Here is a photo of the tutu on Edgar Degas’ sculpture “The little dancer of fourteen years” being shown here at the Fitzwilliam Museum in Cambridge in 2017 marking the centenary year of his death.

Twenty-eight copies of the sculpture are in different collections all over the world.

The tutus worn by the bronzes vary from museum to museum.

Read More

The carved body is abstracted using a barley twist design to suggest tension and energy. I used the pose of Degas’ Little Dancer, especially the feet, with the body thrust back and upwards.

I have painted her legs to look as if she is wearing black stockings. The arms are also painted because free-standing arms would have made it difficult to attach the tutu afterwards.

The knitting of the tutu, using copper wire, took much longer than I expected and so, to speed the process, I knitted at every opportunity in any location where I was likely to be sitting down with nothing else to do but knit. I have knitted on the underground, on trains, in cafes, the cinema and everywhere peoples’ attention has been drawn.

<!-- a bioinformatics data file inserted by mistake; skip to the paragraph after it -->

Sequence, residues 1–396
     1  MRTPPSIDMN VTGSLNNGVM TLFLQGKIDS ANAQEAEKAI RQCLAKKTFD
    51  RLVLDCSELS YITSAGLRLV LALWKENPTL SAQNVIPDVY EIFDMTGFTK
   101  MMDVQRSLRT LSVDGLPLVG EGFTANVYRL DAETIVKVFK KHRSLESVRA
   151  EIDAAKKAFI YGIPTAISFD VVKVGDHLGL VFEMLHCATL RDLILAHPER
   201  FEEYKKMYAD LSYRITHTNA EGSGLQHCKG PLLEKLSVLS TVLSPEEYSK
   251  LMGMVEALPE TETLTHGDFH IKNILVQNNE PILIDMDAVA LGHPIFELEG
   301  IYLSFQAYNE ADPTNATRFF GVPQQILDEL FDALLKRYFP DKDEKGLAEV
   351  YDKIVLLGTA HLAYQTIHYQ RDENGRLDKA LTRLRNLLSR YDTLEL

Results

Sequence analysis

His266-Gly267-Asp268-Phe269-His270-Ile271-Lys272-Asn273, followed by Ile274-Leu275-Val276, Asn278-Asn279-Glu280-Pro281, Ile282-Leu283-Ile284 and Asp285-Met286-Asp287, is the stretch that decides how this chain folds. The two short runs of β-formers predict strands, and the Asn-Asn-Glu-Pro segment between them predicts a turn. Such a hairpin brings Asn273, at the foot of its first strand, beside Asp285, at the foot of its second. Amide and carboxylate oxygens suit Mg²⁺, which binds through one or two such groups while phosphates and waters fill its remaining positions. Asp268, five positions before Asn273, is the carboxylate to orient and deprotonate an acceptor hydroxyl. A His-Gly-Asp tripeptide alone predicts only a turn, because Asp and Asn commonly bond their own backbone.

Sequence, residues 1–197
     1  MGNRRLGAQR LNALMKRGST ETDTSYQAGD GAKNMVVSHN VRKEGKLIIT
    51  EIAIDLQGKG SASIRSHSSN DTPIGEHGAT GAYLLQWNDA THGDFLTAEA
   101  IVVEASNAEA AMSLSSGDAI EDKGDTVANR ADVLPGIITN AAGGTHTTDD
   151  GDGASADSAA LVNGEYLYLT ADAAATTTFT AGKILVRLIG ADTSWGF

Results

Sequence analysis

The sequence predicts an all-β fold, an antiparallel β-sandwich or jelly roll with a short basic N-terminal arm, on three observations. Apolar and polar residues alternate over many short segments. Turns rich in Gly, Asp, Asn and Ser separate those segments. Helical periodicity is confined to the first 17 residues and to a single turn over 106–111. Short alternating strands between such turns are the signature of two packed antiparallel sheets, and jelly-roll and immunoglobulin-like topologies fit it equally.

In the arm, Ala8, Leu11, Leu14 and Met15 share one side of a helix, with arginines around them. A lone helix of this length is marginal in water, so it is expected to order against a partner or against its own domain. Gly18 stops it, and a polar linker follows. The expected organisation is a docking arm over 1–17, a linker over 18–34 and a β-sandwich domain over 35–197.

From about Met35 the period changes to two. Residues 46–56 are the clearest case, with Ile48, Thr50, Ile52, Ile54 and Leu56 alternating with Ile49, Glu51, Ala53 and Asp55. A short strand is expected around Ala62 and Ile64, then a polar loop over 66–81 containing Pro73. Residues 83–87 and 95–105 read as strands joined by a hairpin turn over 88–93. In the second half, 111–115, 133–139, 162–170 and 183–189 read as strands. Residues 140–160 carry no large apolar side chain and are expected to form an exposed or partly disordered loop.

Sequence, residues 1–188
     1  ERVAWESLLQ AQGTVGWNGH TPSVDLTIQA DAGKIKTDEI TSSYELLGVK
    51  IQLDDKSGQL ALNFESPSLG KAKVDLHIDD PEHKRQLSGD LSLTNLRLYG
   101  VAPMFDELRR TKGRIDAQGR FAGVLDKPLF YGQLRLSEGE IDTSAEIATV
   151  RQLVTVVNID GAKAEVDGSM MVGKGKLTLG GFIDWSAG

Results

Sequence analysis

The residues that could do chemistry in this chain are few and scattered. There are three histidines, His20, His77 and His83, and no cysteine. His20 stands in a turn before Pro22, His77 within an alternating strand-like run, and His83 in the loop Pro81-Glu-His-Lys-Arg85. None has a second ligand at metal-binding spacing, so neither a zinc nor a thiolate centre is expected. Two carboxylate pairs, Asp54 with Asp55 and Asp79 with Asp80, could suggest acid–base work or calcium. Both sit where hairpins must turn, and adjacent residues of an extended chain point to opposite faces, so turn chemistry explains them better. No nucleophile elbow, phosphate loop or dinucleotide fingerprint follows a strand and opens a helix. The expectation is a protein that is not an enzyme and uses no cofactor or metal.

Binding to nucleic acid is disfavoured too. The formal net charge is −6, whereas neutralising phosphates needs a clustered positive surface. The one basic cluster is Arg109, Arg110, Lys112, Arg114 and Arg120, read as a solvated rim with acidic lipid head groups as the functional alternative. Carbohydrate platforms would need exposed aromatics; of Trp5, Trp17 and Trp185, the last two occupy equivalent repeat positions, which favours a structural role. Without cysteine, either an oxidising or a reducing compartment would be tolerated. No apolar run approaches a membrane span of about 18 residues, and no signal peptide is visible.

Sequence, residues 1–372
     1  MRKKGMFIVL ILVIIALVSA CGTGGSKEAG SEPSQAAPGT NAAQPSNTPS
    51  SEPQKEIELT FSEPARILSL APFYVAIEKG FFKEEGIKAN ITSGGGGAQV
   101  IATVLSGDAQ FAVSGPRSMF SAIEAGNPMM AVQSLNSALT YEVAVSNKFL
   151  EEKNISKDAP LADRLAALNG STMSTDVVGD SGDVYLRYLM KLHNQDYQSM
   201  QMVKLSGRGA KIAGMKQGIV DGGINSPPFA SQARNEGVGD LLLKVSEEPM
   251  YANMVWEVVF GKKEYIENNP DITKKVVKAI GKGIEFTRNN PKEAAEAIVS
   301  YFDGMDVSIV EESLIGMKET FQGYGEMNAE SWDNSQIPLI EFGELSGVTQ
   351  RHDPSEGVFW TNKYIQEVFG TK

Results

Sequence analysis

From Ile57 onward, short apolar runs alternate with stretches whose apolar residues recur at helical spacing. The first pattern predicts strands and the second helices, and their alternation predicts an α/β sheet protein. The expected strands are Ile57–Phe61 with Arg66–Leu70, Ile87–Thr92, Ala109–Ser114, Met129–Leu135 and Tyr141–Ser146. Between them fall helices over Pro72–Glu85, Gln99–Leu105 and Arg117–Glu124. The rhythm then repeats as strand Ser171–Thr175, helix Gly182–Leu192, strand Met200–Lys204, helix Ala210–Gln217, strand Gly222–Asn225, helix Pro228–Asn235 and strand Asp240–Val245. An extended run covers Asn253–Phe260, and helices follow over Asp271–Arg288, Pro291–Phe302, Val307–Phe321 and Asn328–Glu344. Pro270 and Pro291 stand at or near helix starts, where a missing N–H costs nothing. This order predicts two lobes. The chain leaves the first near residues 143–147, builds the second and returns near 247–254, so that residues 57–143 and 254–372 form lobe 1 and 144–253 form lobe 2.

I knitted many rectangles of varying thickness of the wire which I hammered into ‘gathers’ before sewing them into place. My biggest dilemma was whether or not to make the tutu removable but I found that the weight of the copper tended to make the dress slip down after a while so, in the end, I decided to sew it into place on the body.

The underskirt is knitted in a thicker copper wire to give it some ‘body’.

The copper tutu has been knitted in several layers, just like a real ballet skirt, giving it a translucency.

The making of the tutu has been important for me because all 28 tutus have been made individually with no one of them the same. I found on the internet a video of a conservator at the Metropolitan Museum of Art who had replaced a tutu for their little dancer and it was quite fascinating because he and I had shared some techniques although his tutu was made of cotton tarlatan.

Close-ups of the finished tutu